MISSOURI, one of the United States of America, in lat. 80° 30' to 40° 30' n., and long. 89' to 95' 52' w., being 277 m. from n. to s., and from 200 to 312 m. from e. to w., hav ing an area of 67,380 sq.m., or 43,123,200 acres. It is bounded n. by Iowa; e. by the Mississippi river; s. by Arkansas; and w. by Nebraska territory, Kansas, and the Indian territory. Missouri his 114 counties. Its chief towns are Jefferson City (the capital), St. Louis, Kansas City, Hannibal, St. Joseph. Lexington. Its chief livers are the Missis sippi, which borders the state fur 470 in.; the Missouri, which forms a portion of its western boundary, and passes through it from w. to e.; and its affluents, the Osage, Gas conade, etc. The country s. of the Missouri river is undulating, rising into mountains toward the borders of Arkansas; the northern portion of the state is level prairie-land, with rich bottoms, and high picturesque bluffs on the rivers. The geological formations range between the lower Silurian and upper coal. There are porphyritic rocks in the s. ; in the center, coal-measures, with veins of an aggregate thickness of 500 ft., highly bitu minous, and immense deposits of iron, with lead and iron in limestone formations. The winters are long and severe; the summers hot, with sudden changes. Much of the land is very fertile, producing maize, wheat, hemp, tobacco, the peach, nectarine, grape, etc.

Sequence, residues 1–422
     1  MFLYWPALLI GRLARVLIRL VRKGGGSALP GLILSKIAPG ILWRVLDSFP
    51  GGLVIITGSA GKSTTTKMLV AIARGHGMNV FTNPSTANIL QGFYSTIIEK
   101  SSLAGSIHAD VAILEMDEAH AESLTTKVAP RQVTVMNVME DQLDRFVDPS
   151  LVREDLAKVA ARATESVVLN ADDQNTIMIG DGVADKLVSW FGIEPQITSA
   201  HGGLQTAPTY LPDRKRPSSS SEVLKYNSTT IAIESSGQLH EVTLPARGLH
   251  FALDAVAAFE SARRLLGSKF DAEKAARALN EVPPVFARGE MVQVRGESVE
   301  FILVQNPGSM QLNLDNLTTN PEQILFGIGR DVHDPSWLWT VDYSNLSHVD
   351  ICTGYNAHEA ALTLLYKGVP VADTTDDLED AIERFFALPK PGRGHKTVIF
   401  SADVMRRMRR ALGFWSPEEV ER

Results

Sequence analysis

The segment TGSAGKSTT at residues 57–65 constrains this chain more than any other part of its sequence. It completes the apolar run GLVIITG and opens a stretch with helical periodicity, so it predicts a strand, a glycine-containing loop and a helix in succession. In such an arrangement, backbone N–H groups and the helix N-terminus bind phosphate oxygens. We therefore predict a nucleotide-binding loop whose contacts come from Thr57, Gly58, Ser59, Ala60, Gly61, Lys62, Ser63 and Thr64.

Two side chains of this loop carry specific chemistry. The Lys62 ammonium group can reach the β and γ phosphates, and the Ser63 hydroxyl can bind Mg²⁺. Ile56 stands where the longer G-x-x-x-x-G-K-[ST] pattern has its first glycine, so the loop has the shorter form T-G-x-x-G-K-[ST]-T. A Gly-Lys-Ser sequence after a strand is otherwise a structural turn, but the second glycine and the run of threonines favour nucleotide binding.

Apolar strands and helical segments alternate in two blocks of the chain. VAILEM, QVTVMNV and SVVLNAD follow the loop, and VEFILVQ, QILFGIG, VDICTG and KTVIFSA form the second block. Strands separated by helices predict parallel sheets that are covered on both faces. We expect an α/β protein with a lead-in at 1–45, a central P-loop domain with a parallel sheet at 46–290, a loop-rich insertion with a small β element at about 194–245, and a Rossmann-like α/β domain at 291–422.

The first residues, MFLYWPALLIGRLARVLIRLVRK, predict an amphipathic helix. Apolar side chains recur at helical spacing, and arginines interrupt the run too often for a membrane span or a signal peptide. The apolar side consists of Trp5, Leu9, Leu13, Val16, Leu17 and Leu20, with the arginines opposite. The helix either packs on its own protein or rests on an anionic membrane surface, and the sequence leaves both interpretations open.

Cotton is grown in the southern counties. A large German population has introduced wine-making. The chief manufactures are ironworks, distilleries, and breweries. St. Louis has a large trade, and the western towns supply caravans or trains to New Mexico, Utah, and California. The counties and cities have appropriated $45,000,000 to railways, and hi .1875 there were 3,036 miles completed, and several hundred under construction. There are 39 universities and colleges, several medical and ecclesiastical seminaries, 8,000 public schools with 870,000 pupils, and above 2,000 churches. Missouri was for merly a part of upper Lonisiana. St. Genevieve was settled in 1755 by emigrants from Canada and Spain. St. Louis, a French trading-post, in 1775 had 800 inhabitants. The country was purchased by president Jefferson in 1S03: and in 1821, after a great con test, was admitted into the union as a slave state, under what was called the Missouri compromise, which admitted Missouri, but prohibited slavery D. of the northern boun dary of Arkansas, 36° 30' n. lat. In 1831 Missouri joined with the seceded states, and became a scene of civil war and, violent partisan conflicts. Pop. in 1820, 66,580; in 1840, 383,702; in 1860, 1,182,317; iu 1870, 1,715,000.